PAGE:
Helping Kids Deal With Cyberbullies

I’m not sure there is a ‘best’ age to allow your child to have an email, facebook, twitter, etc. account but I do know that before you do it is necessary that YOU teach them how to be a good cyber citizen and how to avoid cyberbullying. I stress it is up to you because it is all to amazing how many parents I hear from who think it is the responsibility of their child’s school to provide this knowledge. I’m sure some schools are more active in this area than most, but for the most part schools have NO specific training in cyber use. So unlike health and sexual education it is the sole responsibility of the parent.

This lack of training in school will change quickly as the internet becomes more and more vital to K-12 education, but until that time here are some tips we as parents can use to help our children deal with cyberbullies.

1. Take the internet seriously. Sure it is ‘virtual’ but remember reality is what we make it.

2. Writing is usually not the best thing to do without some thought, consideration and editing before sending or posting a message. Feelings can be easily hurt both on purpose and not on purpose thorough sloppy or fast writing.

3. Take ‘friending’ serious and only friend people you know. Having more ‘friends’ that someone else may seem cool but it also means you must manage those friendships and be prepared for information, comments or criticism you don’t ask for or really want.

4. If you feel someone is harassing you ask them to stop once or twice. If it continues unfriend, block or mark their messages as spam. Ignoring or choosing not too fight is usually all it takes to stop cyber harassment.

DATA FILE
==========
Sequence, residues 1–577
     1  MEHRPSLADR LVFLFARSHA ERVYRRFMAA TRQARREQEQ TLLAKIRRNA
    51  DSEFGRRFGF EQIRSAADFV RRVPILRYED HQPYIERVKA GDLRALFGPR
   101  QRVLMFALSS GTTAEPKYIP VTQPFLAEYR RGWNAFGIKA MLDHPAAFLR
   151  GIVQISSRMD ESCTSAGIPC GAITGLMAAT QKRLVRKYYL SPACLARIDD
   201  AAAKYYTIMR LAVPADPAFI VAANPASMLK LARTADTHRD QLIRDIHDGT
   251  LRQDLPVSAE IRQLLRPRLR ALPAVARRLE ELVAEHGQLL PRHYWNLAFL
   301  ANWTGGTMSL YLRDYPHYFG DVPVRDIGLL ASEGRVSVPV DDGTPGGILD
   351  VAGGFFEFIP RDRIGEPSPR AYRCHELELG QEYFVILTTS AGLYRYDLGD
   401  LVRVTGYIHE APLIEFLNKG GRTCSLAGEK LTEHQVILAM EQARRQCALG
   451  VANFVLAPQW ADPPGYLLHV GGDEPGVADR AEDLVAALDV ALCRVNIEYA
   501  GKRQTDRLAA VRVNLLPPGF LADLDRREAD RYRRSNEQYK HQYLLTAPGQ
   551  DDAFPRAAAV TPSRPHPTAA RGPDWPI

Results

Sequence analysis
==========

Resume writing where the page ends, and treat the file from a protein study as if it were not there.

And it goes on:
5. If needed change your information. Create a new Facebook, twitter or email account. It usually doesn’t cost anything and it is pretty easy to re-establish the connections you want

6. Remember NEVER share your password! Also make your password unique and change it every so often. A good password will be 7 characters or more and use Upper and lower case letters and numbers.

7. Never keep your account open on a public computer! Always sign off and if possible close that application and even better restart the computer. Also, be care full who is around you as you log on.

8. If you get upset about something said ask someone else that you trust (i.e., parent or sibling) for their impression. Never respond to something if you are mad. Reflect before you send!

9. If there is ever a physical or verbal threat sent to you or posted immediately tell your parent or law enforcement agency.

10. Know that if you ever feel scared, overwhelmed or trapped it is time to talk to an adult or law enforcement officer you have known and can trust.

11. NEVER ARRANGE TO MEET ANYONE YOU HAVE MET ONLINE. If the other party suggests meeting discuss it with your parents. Note to adults…if you are meeting someone you met online make sure you let a couple of other people know and only meet in a public place!

12. NEVER post your birthdate, phone number, address, passwords or other personal information about yourself family or friends.

13. Remember that once you post something it is typically impossible to ‘truly’ remove it.

If any reader would like to add to this please send me a note and I’ll add it!

Other sources of information include:


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Filed under My Experiences, Parenting, School Safety

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